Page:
In anticipation of the launch of the I All-Russian Pharmaceutical Run, we publish historical essays on the history of the development of the healthcare system and pharmacology in the cities participating in the large-scale action. Indeed, respect for traditions, support for the old school, the transfer of best practices and a healthy mentoring system are key to the development of a successful future. The pharmaceutical industry is no exception.
Author: historian, publicist Stanislav Chagin
Since ancient times, there were many healers on the territory of Russia, whom the ancient Slavs respected, but at the same time were afraid. & Nbsp; They were somewhat reminiscent of sorcerers or druids, and often in the Middle Ages people really mistook the ability to cure diseases. But time passed and at the turn of the 17th and 18th centuries, too many charlatans became rich among doctors, who got rich on fake vaccines. It was not profitable for them to produce a quality product. Pharmaceutical orders could not cope with this problem. In this regard, Peter I issued a special decree on the consciousness of pharmacies and ordered strict monitoring of fake drugs. The shops of doctors were abolished, a unified unified state standard was introduced.
After the death of the first emperor, the situation with medical institutions improved. In 1780, at the invitation of Catherine the Second, a young German “gesel” Georg Christian Ludwig Evenius arrived in Nizhny Novgorod, who opened the first free pharmacy. Gesels were then called pharmacists. Egor Krestyanovich, as the locals called him, always displayed flasks and vessels in the windows, giving pharmacies the appearance of an ancient alchemical laboratory, and glass balls filled with colored liquids, before the appearance of electric lamps, served as lighting.
Nizhny Novgorod, built on the Volga navigable river, was rapidly expanding and, with the development of shipping in the 19th century, due to the sharply increased population, opening new pharmacies was required.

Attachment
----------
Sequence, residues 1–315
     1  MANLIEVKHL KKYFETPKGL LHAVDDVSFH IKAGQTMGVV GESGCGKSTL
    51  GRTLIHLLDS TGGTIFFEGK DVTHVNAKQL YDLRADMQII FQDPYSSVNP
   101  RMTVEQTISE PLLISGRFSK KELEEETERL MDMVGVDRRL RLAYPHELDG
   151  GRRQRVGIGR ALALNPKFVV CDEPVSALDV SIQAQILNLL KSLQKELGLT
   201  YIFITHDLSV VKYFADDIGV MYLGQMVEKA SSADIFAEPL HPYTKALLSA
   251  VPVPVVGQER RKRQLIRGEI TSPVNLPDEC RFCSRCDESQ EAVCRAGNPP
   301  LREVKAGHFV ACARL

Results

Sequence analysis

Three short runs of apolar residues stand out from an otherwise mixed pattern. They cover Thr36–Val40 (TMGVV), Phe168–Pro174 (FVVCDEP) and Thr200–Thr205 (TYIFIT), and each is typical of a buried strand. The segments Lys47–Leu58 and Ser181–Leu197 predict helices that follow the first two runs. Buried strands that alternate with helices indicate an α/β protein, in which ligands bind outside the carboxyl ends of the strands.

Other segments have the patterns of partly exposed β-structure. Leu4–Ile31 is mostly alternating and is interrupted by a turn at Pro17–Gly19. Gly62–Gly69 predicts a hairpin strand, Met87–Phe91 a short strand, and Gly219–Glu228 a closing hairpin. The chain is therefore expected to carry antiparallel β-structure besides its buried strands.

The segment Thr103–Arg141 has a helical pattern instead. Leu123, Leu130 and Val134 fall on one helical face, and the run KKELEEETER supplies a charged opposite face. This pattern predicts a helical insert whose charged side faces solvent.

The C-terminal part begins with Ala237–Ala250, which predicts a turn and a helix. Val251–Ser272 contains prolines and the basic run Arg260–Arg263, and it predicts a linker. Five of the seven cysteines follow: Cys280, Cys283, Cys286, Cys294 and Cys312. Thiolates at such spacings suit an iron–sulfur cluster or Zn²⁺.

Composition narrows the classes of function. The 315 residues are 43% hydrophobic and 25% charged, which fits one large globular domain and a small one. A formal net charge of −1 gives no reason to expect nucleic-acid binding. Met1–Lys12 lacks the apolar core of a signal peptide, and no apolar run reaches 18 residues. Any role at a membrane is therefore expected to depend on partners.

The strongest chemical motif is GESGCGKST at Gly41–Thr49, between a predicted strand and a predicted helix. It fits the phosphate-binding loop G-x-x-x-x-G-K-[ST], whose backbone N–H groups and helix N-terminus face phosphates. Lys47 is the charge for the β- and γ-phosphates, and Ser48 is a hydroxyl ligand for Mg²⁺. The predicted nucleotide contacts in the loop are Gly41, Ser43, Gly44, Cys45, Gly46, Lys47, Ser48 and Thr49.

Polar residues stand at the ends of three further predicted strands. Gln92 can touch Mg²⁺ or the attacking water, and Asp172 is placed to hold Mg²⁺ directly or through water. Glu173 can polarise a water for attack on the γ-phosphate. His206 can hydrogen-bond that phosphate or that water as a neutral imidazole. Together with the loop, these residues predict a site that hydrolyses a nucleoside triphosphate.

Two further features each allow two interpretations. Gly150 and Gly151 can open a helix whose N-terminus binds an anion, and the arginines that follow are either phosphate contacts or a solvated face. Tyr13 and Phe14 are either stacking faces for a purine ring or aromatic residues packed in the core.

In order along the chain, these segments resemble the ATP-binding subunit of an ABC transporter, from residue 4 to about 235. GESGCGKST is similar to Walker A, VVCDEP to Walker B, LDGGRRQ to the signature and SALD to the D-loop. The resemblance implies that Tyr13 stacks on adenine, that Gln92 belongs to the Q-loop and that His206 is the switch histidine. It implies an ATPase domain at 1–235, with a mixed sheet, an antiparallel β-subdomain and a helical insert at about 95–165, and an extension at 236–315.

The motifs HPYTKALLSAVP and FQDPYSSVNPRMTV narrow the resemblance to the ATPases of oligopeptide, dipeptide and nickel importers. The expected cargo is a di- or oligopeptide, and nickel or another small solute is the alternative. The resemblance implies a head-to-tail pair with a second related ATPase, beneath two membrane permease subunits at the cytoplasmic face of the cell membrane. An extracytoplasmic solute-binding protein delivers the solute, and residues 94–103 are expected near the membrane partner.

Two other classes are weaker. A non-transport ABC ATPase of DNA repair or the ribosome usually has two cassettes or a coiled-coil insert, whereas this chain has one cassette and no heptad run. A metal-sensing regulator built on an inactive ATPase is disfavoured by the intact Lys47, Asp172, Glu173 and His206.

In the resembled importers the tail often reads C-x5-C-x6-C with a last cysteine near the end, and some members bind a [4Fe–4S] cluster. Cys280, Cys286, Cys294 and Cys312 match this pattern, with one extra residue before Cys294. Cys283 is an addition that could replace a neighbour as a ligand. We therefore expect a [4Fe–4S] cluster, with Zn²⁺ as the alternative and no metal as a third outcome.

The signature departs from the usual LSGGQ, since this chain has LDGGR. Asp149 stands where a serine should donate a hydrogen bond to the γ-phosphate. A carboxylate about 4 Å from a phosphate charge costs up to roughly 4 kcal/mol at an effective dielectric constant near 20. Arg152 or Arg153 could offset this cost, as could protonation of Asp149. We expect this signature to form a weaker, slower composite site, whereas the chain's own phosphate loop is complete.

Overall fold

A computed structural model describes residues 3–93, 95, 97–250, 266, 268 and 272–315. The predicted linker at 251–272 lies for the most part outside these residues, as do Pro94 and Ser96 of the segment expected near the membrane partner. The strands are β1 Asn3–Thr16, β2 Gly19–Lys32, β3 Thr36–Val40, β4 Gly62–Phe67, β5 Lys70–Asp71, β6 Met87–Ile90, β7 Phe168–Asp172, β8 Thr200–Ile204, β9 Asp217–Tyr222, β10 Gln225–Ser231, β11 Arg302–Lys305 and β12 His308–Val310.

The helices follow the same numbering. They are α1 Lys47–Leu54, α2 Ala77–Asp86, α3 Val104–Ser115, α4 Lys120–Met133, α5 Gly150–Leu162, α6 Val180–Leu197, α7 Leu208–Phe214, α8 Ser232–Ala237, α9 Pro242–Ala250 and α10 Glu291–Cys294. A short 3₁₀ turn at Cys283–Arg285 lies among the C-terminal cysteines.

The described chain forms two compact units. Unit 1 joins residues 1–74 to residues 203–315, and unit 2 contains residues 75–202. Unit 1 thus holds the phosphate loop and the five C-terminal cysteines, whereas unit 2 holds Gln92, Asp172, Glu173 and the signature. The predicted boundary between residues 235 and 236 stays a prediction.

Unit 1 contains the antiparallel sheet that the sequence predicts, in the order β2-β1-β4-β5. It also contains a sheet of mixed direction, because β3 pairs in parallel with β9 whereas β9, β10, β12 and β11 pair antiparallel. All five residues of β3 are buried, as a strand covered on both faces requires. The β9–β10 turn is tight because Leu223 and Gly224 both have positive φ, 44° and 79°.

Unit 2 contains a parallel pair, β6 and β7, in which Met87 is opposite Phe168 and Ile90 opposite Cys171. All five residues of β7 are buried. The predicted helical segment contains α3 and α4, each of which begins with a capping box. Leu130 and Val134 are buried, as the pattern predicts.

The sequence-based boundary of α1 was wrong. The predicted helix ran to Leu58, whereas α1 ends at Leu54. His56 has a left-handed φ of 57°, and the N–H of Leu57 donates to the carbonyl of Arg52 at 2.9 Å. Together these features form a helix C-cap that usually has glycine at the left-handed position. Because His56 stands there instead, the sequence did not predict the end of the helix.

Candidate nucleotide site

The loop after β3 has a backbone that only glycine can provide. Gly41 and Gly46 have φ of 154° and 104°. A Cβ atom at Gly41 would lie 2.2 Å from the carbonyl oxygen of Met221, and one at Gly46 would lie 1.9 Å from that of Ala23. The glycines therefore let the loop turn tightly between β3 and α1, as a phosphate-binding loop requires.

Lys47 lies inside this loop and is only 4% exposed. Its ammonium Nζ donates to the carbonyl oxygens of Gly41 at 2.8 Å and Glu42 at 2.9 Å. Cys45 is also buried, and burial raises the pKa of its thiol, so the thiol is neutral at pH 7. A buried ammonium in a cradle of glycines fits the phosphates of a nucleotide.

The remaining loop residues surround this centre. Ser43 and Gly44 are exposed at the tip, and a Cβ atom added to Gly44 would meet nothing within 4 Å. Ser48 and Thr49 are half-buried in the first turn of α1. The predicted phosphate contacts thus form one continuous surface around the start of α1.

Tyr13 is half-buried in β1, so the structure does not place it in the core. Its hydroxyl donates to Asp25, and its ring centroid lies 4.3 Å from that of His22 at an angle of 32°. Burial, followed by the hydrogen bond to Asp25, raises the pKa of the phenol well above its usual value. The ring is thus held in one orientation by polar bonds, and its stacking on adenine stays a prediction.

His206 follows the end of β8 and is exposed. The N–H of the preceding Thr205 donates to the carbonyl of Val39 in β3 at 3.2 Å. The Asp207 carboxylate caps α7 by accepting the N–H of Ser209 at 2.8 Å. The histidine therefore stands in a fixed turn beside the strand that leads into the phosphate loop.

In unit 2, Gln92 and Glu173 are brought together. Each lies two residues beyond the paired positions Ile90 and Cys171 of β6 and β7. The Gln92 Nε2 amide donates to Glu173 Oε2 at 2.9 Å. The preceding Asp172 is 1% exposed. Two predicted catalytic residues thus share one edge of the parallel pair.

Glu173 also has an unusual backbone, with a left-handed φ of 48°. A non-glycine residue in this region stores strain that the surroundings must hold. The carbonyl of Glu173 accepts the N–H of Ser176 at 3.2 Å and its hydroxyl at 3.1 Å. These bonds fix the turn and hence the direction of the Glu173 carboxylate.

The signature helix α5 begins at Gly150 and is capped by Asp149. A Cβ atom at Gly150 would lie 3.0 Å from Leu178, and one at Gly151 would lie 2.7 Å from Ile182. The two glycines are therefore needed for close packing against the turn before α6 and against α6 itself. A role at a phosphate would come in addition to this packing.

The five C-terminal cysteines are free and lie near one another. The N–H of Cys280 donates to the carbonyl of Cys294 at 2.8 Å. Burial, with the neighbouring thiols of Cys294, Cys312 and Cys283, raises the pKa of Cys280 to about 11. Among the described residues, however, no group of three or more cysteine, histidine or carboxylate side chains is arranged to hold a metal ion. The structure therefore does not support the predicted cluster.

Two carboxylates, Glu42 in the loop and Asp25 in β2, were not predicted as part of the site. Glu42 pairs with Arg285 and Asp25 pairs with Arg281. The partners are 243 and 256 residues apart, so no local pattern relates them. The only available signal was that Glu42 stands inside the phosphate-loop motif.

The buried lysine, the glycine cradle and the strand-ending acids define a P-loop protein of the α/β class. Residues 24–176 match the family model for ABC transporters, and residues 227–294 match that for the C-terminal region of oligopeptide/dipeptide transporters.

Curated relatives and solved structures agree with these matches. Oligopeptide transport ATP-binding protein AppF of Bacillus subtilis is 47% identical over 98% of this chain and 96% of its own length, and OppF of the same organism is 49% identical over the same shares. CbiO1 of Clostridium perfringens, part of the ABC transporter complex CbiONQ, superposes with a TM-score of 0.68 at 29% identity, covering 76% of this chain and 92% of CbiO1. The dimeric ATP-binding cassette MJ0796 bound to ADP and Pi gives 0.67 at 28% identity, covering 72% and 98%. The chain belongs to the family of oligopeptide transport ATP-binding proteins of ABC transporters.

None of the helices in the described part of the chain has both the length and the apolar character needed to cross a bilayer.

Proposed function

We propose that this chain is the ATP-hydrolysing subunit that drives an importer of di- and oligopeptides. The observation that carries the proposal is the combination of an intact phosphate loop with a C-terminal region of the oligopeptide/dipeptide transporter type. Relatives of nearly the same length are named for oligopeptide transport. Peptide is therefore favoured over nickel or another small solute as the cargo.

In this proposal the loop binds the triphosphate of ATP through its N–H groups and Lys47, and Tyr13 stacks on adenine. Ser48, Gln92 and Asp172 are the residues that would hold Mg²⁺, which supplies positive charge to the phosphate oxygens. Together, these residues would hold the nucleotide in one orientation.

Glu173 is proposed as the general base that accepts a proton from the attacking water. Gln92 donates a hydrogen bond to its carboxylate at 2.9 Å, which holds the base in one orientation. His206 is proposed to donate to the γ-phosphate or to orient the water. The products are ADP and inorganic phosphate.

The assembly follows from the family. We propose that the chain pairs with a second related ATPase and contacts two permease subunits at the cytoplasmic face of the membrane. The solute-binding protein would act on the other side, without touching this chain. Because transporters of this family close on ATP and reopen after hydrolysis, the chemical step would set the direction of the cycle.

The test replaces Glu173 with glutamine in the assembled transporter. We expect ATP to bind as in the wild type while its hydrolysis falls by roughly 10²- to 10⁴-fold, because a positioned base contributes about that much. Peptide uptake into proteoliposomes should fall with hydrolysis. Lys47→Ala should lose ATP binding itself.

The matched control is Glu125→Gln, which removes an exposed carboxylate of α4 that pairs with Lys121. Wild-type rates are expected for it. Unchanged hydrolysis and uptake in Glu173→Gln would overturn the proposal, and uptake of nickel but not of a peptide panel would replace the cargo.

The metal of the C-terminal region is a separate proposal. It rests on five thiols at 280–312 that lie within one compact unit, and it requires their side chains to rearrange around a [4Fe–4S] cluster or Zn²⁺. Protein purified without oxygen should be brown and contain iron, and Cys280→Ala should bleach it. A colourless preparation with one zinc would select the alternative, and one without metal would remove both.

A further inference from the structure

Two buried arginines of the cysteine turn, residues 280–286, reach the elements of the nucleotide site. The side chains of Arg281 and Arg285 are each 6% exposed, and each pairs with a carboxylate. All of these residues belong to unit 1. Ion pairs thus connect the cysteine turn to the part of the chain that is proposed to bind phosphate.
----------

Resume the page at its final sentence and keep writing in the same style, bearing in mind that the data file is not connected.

With the reforms of Alexander II, Nizhny Novgorod pharmaceuticals and medicine moved to a new level. They came under the control of zemstvos. So, Makarievsky district in 1868 opened the first in Russia zemstvo pharmacy.
Since 1918, a real revolution has taken place both in the country and in pharmacology, which was associated with the creation of the People’s Health Commissariat, headed by Nikolai Alexandrovich Semashko. At the end of the same year, all pharmacies were nationalized. In honor of the first People’s Commissar of Health, the Nizhny Novgorod Provincial Hospital in 1936 was named after him.
With the outbreak of World War II, pharmaceutical business suffered great damage. The task was to put a huge amount of medicines on the front. So, during the war years, four pharmaceutical plants were built, among which only one remained to function.
In the postwar years, pharmacology in the field expanded and improved, applying new technologies in the production of drugs, as a result of the development of Soviet scientists. Soviet medicines were considered one of the best in the world.
But with the collapse of the USSR, the quality of medicines declined, which also affected population losses in the unstable 90s. The Gorky Chemical Plant, which was built during the war and the only one that retained its functioning, also affected the same thing. So, in 1990, about 134 million drugs were produced, and after three years up to 45 million. As a result of privatization, the plant was given the new name of OJSC Nizhny Novgorod Chemical and Pharmaceutical Plant or OJSC Nizhpharm. Only in the late 1990s and in the early 2000s did the position of the pharmaceutical industry begin to stabilize and in 2004 did Nizhpharm take the first place in the ranking of the most influential companies and individuals in the nomination “Domestic Manufacturer”. In the niche days, Nizhpharm is attractive to foreign investors and manufacturers.